Share this page
Follow Salvo online
In Salvo 7, I discussed how the New England Journal of Medicine (NEJM) attacked theistic evolutionist Francis Collins for arguing that scientific data about brain function and anthropological data about human morality "argue for the existence of a personal God." According to the NEJM, Collins "interprets this universality as implying that some basic structure in the brain 'needs God,'" and he even "goes so far as to conclude that the moral law was implanted in our brains by God."
The writers at NEJM oppose Collins because they hold that materialist accounts of origins should never be abandoned in favor of explanation by intelligent design (ID). This approach was endorsed by philosopher Daniel Dennett in his popular 1995 book Darwin's Dangerous Idea, which argued that Darwinian evolution is "dangerous" because it is a "universal acid" that is "capable of cutting right to the heart of everything in sight" and of explaining anything in biology.
Those who have imbibed too much of Darwinism's universal acid often charge that those who propose divine intervention (as Collins does)—or merely make the far more modest, non-supernatural proposition of intelligent design—engage in "God of the gaps" reasoning. According to such critics, ID's error is "inserting a supposition of the need for supernatural intervention," thereby stifling scientific advance by "confusing the unknown with the unknowable, or the unsolved with the unsolvable." Such Darwinists hold that "faith that places God in the gaps of current understanding about the natural world may be headed for a crisis if advances in science subsequently fill those gaps."
Would you believe me if I told you that all of the words quoted in the paragraph above were written not by the NEJM or atheist Darwinists like Daniel Dennett, but by Francis Collins himself in The Language of God?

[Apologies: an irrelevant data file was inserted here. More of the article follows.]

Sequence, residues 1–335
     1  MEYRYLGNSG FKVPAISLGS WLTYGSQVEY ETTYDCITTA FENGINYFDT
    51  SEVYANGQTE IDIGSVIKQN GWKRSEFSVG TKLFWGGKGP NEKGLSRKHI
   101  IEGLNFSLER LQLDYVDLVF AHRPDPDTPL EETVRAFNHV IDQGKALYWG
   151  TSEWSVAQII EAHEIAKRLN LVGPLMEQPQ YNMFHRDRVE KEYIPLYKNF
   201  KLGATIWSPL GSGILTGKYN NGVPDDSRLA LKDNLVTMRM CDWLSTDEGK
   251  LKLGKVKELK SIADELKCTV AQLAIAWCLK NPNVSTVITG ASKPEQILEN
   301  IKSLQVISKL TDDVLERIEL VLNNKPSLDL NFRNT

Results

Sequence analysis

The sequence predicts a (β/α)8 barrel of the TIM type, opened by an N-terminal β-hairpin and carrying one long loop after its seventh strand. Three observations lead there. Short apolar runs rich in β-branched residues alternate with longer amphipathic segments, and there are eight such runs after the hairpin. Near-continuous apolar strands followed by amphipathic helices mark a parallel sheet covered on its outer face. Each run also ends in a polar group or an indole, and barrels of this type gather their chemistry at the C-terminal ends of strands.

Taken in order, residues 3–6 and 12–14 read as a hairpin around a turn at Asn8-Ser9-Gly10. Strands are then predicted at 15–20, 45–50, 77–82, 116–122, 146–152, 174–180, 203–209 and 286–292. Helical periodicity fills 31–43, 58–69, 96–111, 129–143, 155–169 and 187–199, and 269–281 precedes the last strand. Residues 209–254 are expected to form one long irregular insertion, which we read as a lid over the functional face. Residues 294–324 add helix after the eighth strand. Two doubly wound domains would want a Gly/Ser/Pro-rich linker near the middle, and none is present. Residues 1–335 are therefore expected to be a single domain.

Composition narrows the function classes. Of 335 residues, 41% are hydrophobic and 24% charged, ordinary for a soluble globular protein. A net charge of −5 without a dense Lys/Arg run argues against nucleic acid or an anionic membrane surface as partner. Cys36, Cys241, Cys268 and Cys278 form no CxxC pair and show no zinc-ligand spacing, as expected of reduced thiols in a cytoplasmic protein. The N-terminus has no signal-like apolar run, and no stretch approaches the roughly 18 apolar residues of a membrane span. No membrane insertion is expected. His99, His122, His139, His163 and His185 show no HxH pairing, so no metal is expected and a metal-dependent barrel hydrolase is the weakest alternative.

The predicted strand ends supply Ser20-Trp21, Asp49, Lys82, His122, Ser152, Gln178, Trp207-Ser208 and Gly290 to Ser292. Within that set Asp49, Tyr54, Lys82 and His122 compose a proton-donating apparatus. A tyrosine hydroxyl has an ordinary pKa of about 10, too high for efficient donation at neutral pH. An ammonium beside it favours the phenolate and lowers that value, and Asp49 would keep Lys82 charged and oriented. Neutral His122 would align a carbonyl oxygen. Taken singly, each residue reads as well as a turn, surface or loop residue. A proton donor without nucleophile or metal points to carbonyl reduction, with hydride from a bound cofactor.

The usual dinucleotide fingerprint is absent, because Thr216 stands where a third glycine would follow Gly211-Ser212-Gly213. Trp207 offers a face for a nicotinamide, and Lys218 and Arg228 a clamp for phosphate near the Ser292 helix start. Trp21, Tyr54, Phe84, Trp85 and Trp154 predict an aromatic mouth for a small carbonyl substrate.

"What?" you ask me. "Doesn't Collins himself invoke supernatural explanations for the origin of religion and morality because he feels that naturalistic Darwinian accounts are insufficient and that divine action is the best explanation?"
Are you confused? You should be.
Francis Collins is utterly inconsistent in his application of the "God of the gaps" charge against ID, because this accusation could easily be made against his own invocation of God to account for the origin of religion and morality.
Other theistic evolutionists have made similar mistakes.
In their otherwise delightful book The Dawkins Delusion, Alister and Joanna Collicutt McGrath attack ID as a "God of the gaps" argument. Yet much like Collins, they fill many pages critiquing naturalistic evolutionary explanations for the origin of religion, arguing that "whatever the proximal causes, the ultimate cause of religious experience is God."
Will their critiques stop evolutionary theorists from attempting to explain religion or morality in Darwinian terms? Hardly. Theistic evolutionists like Collins and the McGraths will simply be accused of inserting "God" into the "gap" of the origin of religion, and then told to get out of the way and stop holding back science so that Darwin's universal acid can fill that gap.